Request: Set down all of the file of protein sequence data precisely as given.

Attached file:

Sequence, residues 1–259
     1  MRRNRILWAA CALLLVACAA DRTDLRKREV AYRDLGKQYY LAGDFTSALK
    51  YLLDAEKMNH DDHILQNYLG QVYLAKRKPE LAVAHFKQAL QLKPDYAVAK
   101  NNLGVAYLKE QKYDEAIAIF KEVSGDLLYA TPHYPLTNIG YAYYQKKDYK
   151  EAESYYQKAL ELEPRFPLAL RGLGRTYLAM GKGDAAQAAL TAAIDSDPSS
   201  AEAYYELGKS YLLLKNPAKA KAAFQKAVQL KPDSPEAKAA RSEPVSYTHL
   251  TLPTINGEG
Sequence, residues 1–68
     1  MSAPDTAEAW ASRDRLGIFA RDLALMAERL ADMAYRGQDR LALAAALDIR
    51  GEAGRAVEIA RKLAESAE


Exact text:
Sequence, residues 1–259
     1  MRRNRILWAA CALLLVACAA DRTDLRKREV AYRDLGKQYY LAGDFTSALK
    51  YLLDAEKMNH DDHILQNYLG QVYLAKRKPE LAVAHFKQAL QLKPDYAVAK
   101  NNLGVAYLKE QKYDEAIAIF KEVSGDLLYA TPHYPLTNIG YAYYQKKDYK
   151  EAESYYQKAL ELEPRFPLAL RGLGRTYLAM GKGDAAQAAL TAAIDSDPSS
   201  AEAYYELGKS YLLLKNPAKA KAAFQKAVQL KPDSPEAKAA RSEPVSYTHL
   251  TLPTINGEG
Sequence, residues 1–68
     1  MSAPDTAEAW ASRDRLGIFA RDLALMAERL ADMAYRGQDR LALAAALDIR
    51  GEAGRAVEIA RKLAESAE